Old Solutions for Today's Problems

Today, I read an article in the newspaper that said Congress had passed a bill asking the banks to rent out their foreclosed homes while they waited to market the homes for sale. The idea is that this will stabilize neighborhoods impacted by a high number of foreclosures. And, in doing so preventing further erosion in values.

On the surface this seems like a reasonable request. One well founded in reason. And, this is one possible solution to a concern certain to impact neighborhoods across the country.
However the real solution is not in a temporary fix like this. Instead, the solution  is to see that these loans become performing loans once again.
Now before I go any further, I must say that the ideas, I am about to discuss are not my own. In fact, they come from Bruce Norris (of whom I spoke last week). As I said in my last article, I have a tremendous respect for  Bruce. His understanding of our market borders on genius. And, having followed his projections for the past fifteen years, I know now that he is right far more often the not.
I want to first say that the banks currently do not have to record a loss on their books until they take the home to market. So, they can conceivably sit on tens of thousands of homes, each worth maybe up to half of the amount secured by deed of trust.
So when they finally do start taking these homes (rumored collectively to be in the millions) to market many banks will be severely downgraded in terms of their book value.
=but, what would happen if the foreclose homes started to perform again? This could happen by simply changing the way we handle the trust deed sale on the courthouse steps. Currently, the bank looks at what is owed on the property and what the home is currently valued at.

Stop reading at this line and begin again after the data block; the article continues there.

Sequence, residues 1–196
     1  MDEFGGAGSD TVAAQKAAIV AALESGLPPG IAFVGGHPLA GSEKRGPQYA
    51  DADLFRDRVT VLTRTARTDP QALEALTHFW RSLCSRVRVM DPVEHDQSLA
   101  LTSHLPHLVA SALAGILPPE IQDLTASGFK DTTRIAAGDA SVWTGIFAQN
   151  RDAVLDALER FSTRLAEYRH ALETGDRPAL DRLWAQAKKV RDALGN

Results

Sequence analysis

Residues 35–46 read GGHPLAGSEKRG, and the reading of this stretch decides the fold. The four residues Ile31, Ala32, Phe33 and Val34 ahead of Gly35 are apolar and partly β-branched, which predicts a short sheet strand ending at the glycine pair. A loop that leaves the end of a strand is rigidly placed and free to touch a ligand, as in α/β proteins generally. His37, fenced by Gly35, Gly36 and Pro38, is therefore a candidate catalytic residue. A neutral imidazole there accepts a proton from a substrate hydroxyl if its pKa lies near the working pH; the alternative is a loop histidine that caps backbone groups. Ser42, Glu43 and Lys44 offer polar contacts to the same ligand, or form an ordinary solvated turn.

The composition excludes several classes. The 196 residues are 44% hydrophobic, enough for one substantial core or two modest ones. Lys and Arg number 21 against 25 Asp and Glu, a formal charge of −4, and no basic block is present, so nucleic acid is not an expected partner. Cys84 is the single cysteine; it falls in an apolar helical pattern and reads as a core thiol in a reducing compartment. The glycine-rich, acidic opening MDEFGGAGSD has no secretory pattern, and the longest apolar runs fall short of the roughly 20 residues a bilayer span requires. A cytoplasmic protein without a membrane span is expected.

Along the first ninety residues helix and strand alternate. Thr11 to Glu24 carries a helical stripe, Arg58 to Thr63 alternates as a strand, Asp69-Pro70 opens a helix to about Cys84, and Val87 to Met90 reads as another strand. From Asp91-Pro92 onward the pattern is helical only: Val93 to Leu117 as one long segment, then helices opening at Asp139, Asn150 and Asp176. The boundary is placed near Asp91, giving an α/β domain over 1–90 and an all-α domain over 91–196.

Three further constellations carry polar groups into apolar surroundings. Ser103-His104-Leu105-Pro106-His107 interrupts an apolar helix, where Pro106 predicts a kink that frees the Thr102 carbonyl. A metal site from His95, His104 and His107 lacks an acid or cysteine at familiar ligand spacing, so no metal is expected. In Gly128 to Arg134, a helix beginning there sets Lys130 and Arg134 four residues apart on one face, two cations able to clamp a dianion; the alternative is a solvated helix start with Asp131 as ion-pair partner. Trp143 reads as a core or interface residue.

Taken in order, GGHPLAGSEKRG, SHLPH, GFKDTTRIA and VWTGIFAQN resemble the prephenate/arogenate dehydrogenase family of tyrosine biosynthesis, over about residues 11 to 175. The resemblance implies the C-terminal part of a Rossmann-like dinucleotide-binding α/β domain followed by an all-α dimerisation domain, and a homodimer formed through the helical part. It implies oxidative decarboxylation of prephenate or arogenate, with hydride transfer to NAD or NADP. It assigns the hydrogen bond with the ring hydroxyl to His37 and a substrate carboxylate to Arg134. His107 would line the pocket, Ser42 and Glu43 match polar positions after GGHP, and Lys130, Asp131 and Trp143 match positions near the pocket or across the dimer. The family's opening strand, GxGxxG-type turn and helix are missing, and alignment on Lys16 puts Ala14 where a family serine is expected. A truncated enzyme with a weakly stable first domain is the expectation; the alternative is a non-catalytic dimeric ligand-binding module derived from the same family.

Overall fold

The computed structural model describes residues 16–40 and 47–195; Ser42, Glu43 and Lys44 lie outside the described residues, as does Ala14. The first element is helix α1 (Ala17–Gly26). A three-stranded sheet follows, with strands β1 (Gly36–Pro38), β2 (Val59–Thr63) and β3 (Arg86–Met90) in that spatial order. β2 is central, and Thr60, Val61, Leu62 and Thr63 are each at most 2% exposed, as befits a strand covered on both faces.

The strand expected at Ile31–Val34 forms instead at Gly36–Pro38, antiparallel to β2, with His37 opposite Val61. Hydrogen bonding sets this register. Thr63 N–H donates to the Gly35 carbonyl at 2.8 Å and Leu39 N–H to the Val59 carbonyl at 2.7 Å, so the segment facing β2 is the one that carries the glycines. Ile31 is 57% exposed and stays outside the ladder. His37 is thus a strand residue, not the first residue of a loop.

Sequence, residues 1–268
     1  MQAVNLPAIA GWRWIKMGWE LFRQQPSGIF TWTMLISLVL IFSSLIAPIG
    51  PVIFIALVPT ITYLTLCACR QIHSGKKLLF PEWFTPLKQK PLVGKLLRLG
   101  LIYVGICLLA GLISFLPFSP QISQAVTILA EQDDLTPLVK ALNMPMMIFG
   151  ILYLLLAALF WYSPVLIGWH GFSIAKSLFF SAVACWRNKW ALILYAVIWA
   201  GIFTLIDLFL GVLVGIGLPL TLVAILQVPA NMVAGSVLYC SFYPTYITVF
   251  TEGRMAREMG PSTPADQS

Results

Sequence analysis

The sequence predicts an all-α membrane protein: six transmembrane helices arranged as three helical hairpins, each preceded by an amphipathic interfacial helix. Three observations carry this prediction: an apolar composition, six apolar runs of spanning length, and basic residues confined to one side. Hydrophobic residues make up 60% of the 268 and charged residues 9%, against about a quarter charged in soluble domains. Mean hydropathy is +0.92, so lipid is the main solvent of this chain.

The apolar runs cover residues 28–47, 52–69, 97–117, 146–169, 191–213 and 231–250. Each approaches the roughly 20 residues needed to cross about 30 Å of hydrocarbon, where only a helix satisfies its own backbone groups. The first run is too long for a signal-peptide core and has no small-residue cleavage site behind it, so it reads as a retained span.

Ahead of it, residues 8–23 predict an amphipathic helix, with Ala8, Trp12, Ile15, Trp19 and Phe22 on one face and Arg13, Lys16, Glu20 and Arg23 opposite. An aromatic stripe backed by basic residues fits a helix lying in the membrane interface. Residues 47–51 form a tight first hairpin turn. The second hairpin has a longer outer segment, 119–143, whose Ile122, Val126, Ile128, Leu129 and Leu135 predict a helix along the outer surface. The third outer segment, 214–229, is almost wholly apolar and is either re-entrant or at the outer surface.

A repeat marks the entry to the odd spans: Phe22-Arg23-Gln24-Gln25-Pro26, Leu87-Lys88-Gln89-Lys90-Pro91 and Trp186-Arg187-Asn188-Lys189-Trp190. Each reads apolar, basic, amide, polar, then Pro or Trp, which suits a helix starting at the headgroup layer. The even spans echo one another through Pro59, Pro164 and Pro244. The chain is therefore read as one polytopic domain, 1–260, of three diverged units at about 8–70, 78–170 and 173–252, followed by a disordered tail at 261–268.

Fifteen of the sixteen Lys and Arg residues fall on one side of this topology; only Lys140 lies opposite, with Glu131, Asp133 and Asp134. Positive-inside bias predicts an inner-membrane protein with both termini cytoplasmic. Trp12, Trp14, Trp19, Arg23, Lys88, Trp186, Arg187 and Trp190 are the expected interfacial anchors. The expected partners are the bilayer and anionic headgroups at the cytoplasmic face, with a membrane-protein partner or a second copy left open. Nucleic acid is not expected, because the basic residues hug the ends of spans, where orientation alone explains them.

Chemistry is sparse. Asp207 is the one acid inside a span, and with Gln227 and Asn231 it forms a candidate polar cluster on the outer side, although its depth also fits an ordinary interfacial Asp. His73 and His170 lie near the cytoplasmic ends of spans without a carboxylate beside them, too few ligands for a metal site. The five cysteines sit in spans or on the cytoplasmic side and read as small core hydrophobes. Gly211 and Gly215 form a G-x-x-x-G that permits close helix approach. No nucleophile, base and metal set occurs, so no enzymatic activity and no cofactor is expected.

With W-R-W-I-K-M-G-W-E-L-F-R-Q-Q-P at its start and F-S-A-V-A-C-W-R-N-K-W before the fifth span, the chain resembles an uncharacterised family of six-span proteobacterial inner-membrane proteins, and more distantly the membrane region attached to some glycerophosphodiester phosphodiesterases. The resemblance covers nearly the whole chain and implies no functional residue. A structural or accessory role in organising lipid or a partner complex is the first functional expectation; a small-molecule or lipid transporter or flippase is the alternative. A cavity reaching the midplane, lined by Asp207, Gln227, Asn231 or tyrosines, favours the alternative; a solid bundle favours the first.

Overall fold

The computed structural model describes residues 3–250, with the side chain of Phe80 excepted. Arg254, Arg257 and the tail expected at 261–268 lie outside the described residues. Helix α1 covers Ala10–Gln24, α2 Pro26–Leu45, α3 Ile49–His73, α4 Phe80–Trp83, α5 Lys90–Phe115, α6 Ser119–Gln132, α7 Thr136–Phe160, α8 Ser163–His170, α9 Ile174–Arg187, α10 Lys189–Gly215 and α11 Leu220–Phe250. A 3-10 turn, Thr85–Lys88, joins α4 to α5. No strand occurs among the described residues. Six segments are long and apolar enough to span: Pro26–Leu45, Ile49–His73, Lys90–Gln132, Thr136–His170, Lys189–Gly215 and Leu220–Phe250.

Then, they set a maximum loss the investor should take. And, so long as the winning bid (paid in cash) falls within these parameters, they allow the home to be sold. And in doing so assure themselves or their investor of a loss which will ultimately be reflected in their balance sheet. This process will repeat itself over and over again.
Now what would happen if instead of setting the opening bid at a guaranteed loss. The banks, set the starting bid at the cost  of the payments in arrears and, any accrued interest and late fees. Now let’s take this one step further by saying that in curing the note the buyer now assumes the rate and terms of the pre-existing contract guaranteeing that the investor do not realize a loss.
Now let us take this one step further. In the seventies and eighties, we had this wonderful loan that was fully assumable with little or no qualification.  This was a gift from heaven. Let’s say that I were a self-employed person who thanks to the generous write offs available to the average business owner, had plenty of cash flow but showed little income. And, let’s also pretend that you could no longer afford the payments on your home. You are endanger of losing the home.
I cannot qualify for your home even though I can afford your payment. And, you protect your credit by allowing me to assume your loan. It worked in the past. It certainly could work today.
I guess to coin a phrase that Bruce Norris used, we know what worked in the past. And, it certainly will work today. The economy of our nation, is tied (like it or not) to our housing industry. We need sensible, historically sound solutions to the problems we face.
If we want to know how to deal with the problems of the present, we need simply to reach for the very recent past.

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